Bond between Mascoutah coach and Marissa player leads them to Special Olympics World Summer Games

From left to right: Jennifer Hitt; Rich Crothers; Anthony Cahoon; Jeffrey Price
From left to right: Jennifer Hitt; Rich Crothers; Anthony Cahoon; Jeffrey Price Provided photo

Richard Crothers bargained with God for his wife’s good health, promising his service to a greater cause in exchange for her recovery.

That’s how he, in 1987, got involved with the Special Olympics and how, a few years later, he got involved with Anthony Cahoon.

The two are in Los Angeles for the International Special Olympics World Summer Games, Crothers as a coach with the U.S. soccer team and Cahoon as a player.

“Anthony is like one of my own kids; I’ve watched him grow up,” said Crothers, of Mascoutah. “That means a whole lot to me because I’ve watched him grow from a little boy to a 26-year-old. It’s been the last 15 years of him playing soccer and he’s done some amazing things when it comes to soccer. At one time, he was good enough to probably play college soccer.”

Cahoon, participating in his first World Games, said he also enjoys the tight bond he’s forged with his coach.

“He’s like a dad to me,” said Cahoon, a resident of Marissa. “He’s helped me out so many times. I’ve called him out of the blue, and he always talks to me. I’ve been to his house; we work on the soccer team together. He’s taken me to professional soccer games. He always lets me tag along with him.”

Back in 1968, the inaugural International Special Olympics Summer Games were held in Chicago. This year, in Los Angeles, the World Games will have a little Illinois flair to it, with four metro-east locals participating.

In addition to Cahoon and Crothers, O’Fallon acquatics coach Jeff Price and Edwardsville gymnastics coach Jennifer Hitt also has made the trip. The festivities begin July 25 with games lasting through Aug. 2.

For Cahoon, the lone athlete in the bunch, the Special Olympics is a place to prove his doubters wrong.

“To be able to play a sport, to actually be able to be a part of something, a lot people didn’t give me the opportunity to see that I am as good as anyone else,” Cahoon said. “I’ve had to work hard to have this ability to play. That’s why I love soccer.”

Crothers’ journey with the Special Olympics, meanwhile, started almost 30 years ago.

“I’ve been involved with Special Olympics since 1987,” he said. “We were in Germany. My wife had a procedure, and I sat in the chapel of the military hospital and asked God if he needs it, I’d find a way to help out. About a week later, there was an opportunity to volunteer for the Special Olympics, and I’ve been doing it ever since.”

Crothers has played a huge part Special Olympic soccer in the area for two decades now, and at one point, boasted the only team in the metro east.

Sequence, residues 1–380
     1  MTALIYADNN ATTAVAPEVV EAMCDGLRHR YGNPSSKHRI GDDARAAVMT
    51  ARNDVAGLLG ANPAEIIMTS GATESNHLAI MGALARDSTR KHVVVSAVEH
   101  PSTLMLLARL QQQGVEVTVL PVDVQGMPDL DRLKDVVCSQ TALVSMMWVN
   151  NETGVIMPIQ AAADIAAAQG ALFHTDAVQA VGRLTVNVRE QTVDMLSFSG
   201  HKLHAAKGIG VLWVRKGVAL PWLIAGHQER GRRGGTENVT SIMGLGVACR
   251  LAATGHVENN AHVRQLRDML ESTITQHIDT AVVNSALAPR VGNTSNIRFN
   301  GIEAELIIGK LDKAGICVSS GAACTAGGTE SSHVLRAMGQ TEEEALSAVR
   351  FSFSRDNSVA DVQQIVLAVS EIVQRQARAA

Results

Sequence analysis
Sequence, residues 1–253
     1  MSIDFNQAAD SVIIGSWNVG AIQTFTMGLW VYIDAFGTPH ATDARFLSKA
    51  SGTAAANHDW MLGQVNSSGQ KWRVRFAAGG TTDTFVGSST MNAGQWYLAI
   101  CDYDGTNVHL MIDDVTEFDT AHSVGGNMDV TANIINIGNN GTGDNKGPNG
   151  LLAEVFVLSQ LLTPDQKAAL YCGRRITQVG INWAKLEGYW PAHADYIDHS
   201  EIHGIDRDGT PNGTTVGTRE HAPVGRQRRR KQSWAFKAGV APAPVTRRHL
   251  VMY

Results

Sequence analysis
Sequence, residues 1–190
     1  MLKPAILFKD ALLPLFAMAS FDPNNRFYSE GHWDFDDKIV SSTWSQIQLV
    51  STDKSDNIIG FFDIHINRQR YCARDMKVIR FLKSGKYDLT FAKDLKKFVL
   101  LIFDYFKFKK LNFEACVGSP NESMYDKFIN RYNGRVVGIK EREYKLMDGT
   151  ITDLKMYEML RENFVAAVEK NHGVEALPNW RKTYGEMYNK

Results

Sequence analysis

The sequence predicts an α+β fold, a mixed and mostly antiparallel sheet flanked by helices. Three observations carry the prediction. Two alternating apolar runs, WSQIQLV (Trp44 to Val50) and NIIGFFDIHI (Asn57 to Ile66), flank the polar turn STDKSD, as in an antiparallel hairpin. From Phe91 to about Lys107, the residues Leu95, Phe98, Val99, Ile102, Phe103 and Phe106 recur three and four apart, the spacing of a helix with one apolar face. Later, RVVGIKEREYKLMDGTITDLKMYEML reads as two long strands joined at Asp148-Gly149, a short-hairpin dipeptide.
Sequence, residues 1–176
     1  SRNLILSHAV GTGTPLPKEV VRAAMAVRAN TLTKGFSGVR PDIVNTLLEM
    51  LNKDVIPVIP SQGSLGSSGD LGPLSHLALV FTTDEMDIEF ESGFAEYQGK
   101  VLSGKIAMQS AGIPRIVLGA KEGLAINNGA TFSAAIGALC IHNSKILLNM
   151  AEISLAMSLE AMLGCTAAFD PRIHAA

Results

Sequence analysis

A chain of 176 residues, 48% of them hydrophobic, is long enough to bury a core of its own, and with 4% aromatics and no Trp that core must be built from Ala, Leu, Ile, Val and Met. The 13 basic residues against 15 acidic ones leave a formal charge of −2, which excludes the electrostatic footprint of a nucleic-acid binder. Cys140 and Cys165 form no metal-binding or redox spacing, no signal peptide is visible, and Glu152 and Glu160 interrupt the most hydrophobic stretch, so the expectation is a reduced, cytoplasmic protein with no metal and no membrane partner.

“I’ve been a competitive coach for 20 years,” Crothers said. “I’ve worked with different high schools and colleges. The program I have in Belleville is the only Special Olympics soccer program in southern Illinois, so kids from all over to play.”

Crothers said this year has been especially important for him because of the Summer Games. The local soccer players essentially have been working towards competing in Los Angeles all year.

“Basically now we have two seasons,” Crothers said. “We a traditional season that goes from February to June and that accumulates to the Summer Games. This last year, with this last month, three teams from this area went to state. All three made it to the championship games, but two of them lost. We just started unified soccer; it’s a partnership where they will have a partner plus a Special Olympics athlete on a team. We’ll play a couple of games like that in September.”

Getting to the Special Olympics has not only a long wait for the athletes, but for coaches like Crothers as well.

“The process started about a year ago,” Crothers said. “What happens is the athletes or the coaches put in their nominees for the team. Then, last June I went to the mini-camp to be evaluated. Eleven players were selected. Then in October last year, we had a mini-camp in Indianapolis and were there for two days. I developed all their training schedules for at home there. In March, we a tournament in Belleville called Clash of the Borders. The home team came down and played against college teams.”

Crothers said having Cahoon on his team his year has been an added bonus for him, as he has watched him play soccer for most of Cahoon’s life.

While some might get lost in the moment and worry about medals and placing, Cahoon said the thing he is most looking forward to is the atmosphere surrounding the World Games.

“I’m just going to enjoy every bit of it,” Cahoon said. “I don’t want to rush it so fast that I think over it. I just want to slow down and enjoy the experience. The experience of California, the experience of Los Angeles, I want to take in all of it. On the train to Chicago, I was even enjoying this right now.”

Like his player, Crothers said the Special Olympics have always been outstanding to him and allow him to be surrounded by good people giving it their all.

“One of the biggest things I get out of it is, I coach competitive soccer and the kids just want to play,” Crothers said. “They play hard; they want to play well. They want to be treated the same as any other athlete.”

To learn how you can get involved or to learn more about the Special Olympics, go to